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Economy

New Zealand economy shows faster recovery from COVID-19 impact

GDP likely rose 10.5% in Q3 but finance minister warns on US-China tensions

New Zealand's GDP is expected to bounce back from its sharpest contraction on record in the second quarter to grow 10.5% in the September term.   © Reuters

WELLINGTON (Reuters) -- New Zealand is expected to bounce back sooner from the impact of COVID-19 than previously thought, but large deficits and rising debt levels will have a lasting effect on the economy, the government said on Wednesday.

The country's Treasury department predicted the budget deficit for the 2020/21 fiscal year to be NZ$21.58 billion, NZ$10.1 billion smaller than forecasts made in September.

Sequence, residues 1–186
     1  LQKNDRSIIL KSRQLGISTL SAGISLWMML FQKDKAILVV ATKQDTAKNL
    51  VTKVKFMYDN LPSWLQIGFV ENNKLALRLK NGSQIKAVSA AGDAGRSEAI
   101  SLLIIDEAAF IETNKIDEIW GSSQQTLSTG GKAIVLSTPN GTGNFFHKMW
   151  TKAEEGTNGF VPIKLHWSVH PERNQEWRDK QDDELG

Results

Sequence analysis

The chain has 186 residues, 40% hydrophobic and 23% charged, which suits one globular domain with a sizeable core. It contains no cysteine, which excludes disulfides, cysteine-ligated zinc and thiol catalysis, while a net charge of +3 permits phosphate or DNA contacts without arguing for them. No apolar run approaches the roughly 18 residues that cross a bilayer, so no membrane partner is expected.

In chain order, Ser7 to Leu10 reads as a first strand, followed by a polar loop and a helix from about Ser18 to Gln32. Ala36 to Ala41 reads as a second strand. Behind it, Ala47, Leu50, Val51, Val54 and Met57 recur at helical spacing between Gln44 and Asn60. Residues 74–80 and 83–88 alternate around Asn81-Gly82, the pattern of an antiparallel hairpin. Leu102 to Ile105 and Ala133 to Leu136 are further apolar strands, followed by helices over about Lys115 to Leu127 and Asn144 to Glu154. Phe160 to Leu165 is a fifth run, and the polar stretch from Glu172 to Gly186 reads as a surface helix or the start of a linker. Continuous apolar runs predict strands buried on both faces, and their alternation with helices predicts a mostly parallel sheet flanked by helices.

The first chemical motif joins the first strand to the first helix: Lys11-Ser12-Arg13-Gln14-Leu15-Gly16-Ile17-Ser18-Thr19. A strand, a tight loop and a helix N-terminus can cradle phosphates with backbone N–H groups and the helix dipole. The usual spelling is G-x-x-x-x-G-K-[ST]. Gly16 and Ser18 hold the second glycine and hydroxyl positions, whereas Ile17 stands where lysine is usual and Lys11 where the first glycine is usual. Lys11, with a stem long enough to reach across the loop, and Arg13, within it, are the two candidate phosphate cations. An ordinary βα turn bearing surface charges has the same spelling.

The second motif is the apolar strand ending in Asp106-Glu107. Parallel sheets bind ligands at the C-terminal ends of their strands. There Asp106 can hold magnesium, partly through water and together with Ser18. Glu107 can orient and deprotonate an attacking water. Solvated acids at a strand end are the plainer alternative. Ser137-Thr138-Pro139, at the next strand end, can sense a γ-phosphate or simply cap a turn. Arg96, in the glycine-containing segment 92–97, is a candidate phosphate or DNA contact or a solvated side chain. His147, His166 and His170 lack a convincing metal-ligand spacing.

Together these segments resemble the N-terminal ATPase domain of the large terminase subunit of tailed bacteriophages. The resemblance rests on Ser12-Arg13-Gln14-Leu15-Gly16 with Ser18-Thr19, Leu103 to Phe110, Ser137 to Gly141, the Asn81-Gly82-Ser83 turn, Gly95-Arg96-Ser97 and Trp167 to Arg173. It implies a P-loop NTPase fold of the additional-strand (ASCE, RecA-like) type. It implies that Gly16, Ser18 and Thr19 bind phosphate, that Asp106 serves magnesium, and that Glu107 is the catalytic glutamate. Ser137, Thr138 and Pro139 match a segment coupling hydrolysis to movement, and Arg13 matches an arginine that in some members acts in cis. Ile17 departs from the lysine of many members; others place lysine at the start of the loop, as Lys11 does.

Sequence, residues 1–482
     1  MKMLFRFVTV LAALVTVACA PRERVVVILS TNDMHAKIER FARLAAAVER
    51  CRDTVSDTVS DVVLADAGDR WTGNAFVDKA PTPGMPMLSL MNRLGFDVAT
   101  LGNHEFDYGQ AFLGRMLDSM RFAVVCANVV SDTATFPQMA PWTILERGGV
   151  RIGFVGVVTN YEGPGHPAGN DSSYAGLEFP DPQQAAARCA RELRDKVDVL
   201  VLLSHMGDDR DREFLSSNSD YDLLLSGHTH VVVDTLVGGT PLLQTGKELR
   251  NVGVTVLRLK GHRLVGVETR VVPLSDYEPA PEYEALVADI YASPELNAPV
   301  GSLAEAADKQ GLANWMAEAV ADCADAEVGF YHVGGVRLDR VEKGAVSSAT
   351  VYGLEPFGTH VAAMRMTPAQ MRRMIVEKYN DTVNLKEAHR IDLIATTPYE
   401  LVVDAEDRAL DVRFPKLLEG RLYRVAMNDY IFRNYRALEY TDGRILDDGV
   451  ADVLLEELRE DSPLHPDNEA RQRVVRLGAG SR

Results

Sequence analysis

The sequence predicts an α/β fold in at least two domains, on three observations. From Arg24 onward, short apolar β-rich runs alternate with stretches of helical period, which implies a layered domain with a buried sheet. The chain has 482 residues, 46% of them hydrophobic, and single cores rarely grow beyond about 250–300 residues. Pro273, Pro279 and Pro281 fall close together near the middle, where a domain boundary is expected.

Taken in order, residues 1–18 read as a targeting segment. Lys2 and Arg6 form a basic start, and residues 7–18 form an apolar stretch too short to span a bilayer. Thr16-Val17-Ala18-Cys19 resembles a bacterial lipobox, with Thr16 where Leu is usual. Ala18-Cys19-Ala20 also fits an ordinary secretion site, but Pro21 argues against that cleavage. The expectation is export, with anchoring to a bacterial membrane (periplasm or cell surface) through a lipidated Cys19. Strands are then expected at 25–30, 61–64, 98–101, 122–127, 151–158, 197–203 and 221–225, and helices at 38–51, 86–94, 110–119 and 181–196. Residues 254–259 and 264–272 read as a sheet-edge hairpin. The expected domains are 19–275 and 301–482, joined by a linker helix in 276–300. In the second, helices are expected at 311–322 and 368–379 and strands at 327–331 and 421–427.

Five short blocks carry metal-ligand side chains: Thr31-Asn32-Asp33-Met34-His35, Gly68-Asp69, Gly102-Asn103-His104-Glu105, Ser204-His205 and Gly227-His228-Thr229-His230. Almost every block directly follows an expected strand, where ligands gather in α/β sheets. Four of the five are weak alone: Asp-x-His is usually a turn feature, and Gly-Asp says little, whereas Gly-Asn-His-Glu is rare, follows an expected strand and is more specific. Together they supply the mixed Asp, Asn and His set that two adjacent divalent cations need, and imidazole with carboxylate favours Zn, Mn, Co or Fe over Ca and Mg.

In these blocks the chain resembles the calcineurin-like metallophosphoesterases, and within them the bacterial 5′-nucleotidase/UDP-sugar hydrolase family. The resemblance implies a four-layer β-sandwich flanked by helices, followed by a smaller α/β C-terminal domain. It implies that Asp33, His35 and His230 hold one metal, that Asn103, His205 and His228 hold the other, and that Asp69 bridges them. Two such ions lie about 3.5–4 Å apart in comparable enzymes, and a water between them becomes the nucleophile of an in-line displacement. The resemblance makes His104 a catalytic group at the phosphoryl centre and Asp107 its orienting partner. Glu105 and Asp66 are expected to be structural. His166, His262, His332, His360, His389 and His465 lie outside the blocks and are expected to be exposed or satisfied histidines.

The GDP is expected to bounce back from its sharpest contraction on record in the second quarter to grow 10.5% in the September quarter, followed by further growth of 2.2% in the December quarter, according to the treasury's half-year economic and fiscal update.

But by June 2024, nominal GDP will remain a cumulative NZ$67 billion below the 2019 half year update forecast, it said.

Net core Crown debt was forecast to peak at 52.6% of GDP in 2022/23.

"Despite improvements in the outlook, the COVID-19 shock is expected to have lasting economic impacts, and the fiscal position remains challenging," Treasury said in its summary.

Finance Minister Grant Robertson said the government's quick response to the pandemic contributed to the better than expected economic recovery, but warned that challenges remain.

"Of course the pandemic is not the only risk....ongoing trade and geopolitical tensions, in particular tensions between China and the United States, have the capacity to affect growth and lead to higher levels of volatility," Robertson said in a statement. 

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